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A Feather on the Breath of God: A Novel Kindle Edition
From Sigrid Nunez, the National Book Award-winning author of The Friend, comes A Feather on the Breath of God: a mesmerizing story about the tangled nature of relationships between parents and children, between language and love
A young woman looks back to the world of her immigrant parents: a Chinese-Panamanian father and a German mother. Growing up in a housing project in the 1950s and 1960s, she escapes into dreams inspired both by her parents' stories and by her own reading and, for a time, into the otherworldly life of ballet. A yearning, homesick mother, a silent and withdrawn father, the ballet--these are the elements that shape the young woman's imagination and her sexuality.
From Publishers Weekly
Copyright 1994 Reed Business Information, Inc. --This text refers to an alternate kindle_edition edition.
From Kirkus Reviews
- ASIN : B0058U7I9S
- Publisher : Picador; First edition (December 27, 2005)
- Publication date : December 27, 2005
- Language : English
- File size : 3938 KB
- Text-to-Speech : Enabled
- Screen Reader : Supported
- Enhanced typesetting : Enabled
- X-Ray : Not Enabled
- Word Wise : Enabled
- Print length : 193 pages
- Lending : Not Enabled
- Best Sellers Rank: #143,155 in Kindle Store (See Top 100 in Kindle Store)
- Customer Reviews:
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My favorite part was definitely "Immigrant Love," the last section of the book, where the narrator has an affair with a Russian immigrant. "He has no curiosity at all about me. After all, I am only a woman; facts about me can't be very important." One of the most honest portrayals of the complexities of human relationships that I have ever read. As a dancer, I found "A Feather on the Breath of God," the third section, interesting and surprisingly foreign to my own experience, but none the less enriching to read. The novel's spare structure makes you feel the necessity of every word on the page.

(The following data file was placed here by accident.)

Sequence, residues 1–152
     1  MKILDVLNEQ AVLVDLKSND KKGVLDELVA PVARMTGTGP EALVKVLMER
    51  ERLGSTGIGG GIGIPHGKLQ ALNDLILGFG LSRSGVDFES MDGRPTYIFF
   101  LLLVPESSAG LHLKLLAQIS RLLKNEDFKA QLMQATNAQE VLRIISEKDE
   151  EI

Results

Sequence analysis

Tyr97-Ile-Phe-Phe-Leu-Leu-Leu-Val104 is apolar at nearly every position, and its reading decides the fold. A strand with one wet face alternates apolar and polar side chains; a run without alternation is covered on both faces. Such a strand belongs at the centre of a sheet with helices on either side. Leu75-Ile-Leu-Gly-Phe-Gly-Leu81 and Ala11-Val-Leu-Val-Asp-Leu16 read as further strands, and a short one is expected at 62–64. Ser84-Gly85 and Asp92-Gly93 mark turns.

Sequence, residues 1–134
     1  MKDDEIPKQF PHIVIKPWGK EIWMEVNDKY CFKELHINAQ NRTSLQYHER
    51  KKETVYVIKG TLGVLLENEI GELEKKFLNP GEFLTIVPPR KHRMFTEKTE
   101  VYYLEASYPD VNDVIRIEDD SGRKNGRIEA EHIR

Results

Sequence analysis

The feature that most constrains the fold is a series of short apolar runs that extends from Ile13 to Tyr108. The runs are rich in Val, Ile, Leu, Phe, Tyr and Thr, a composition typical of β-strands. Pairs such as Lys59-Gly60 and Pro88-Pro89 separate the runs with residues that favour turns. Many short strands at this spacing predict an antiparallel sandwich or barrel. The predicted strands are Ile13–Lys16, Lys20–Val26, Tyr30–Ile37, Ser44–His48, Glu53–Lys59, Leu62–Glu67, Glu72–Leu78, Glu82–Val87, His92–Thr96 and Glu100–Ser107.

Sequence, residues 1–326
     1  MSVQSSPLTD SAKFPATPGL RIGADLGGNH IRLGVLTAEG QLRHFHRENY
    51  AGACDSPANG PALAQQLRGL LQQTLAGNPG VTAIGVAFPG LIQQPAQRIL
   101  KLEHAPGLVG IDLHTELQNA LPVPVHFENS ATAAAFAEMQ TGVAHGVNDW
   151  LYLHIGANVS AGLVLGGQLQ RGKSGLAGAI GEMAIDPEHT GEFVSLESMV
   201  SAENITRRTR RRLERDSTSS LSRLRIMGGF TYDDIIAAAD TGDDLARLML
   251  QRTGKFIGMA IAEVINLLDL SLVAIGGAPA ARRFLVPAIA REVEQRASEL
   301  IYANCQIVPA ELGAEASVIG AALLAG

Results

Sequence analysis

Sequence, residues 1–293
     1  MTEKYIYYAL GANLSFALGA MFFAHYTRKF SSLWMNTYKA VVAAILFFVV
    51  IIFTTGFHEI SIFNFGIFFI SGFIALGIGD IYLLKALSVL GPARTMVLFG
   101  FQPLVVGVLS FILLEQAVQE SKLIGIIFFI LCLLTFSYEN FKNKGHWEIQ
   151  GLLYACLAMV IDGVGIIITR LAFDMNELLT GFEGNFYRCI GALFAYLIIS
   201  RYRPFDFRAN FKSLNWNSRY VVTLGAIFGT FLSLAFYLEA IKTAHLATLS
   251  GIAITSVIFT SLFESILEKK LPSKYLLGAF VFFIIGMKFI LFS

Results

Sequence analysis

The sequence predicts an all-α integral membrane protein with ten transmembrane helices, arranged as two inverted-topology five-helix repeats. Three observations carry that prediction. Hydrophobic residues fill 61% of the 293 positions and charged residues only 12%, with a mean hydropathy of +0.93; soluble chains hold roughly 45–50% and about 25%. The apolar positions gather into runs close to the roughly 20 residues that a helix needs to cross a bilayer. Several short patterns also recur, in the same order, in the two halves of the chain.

An extensive novel about the diverse background of a girl with many different cultures, A Feather on the Breath of God explores the adolescence of an interracial girl and the struggle she goes through to be her own person. The novel is separated into descriptions of each of the girl's parents and herself. Her father is characterized as a reserved man with few words and actions, while her mother as a proud, German woman without a comforting bone in her body. The narrator is portrayed as a young girl with an identity crisis, not knowing whether to associate herself with her father's or mother's backgrounds and cultures. She falls in love with the art of ballet and focuses on this passion to distract herself from her unavoidable, dysfunctional family. The last section of the novel describes her as an adult, falling in love with a married Russian man and how she goes forth handling their flawed relationship.
Structured as a conglomeration of anecdotes rather than a single, continuing plotline, A Feather On the Breath of God unfortunately did not move me as much as I hoped it would. I can relate to the narrator because she has a strong, opinionated mother like I had, but I could not deeply connect with the novel on a personal level. Although, I found it extremely beautiful that the narrator realized her passion for ballet and admired her devotion and dedication to the art. I would not pick up this book for entertainment purposes; however, I understand that it is a novel of deep, profound meaning and I respect its literary prestige. Purchase this book if that is what you are looking for.
For their intended purpose, the chapters do quite well at bringing their point across. The narrator has a poor relationship with her Chinese father. Her mother is a crazy psychopath. The narrator loves to dance. That's all fine and dandy. What wasn't so compelling was the repetitiveness of the second chapter. I felt the nostalgia and love the mother expressed about Germany was one-dimensional. It did not need excessive description, nor did it require a disproportionate number of examples of said trait. The writing portrayed the mother in a very negative light by the way she dominates the household and seemingly doesn't contribute anything but her heartfelt anger about all things not German. The author does a good job writing a realistic portrayal of complex characters, where there is still a bit of ambiguity. Nonetheless, I felt like the second chapter did not work for me, mostly due to its repetitive nature.
The last chapter was a surprising find. There are few novels which I am deeply immersed into a story enough to keep turning the page. This last chapter was one of those moments. It does a good job combining themes from the last three chapters into the protagonist's interaction with Vadim, who has said, "We don't have sex, we only have children." He says this only to be sardonic, with unusual idiosyncrasies and beliefs, such as his translation of the golden rule: "Today I am unlucky. Tomorrow it is someone else's turn to be unlucky." I believe the people around you say more about you than anything else, and I believe Vadim's unique personality and peculiar wisdom spoke volumes about her character. The character accounts were splendid, and that's what made the last chapter worthwhile. Still, the rest of the novel was pretty dull, so if you can stomach it, you'll find a great story in the final section of the book.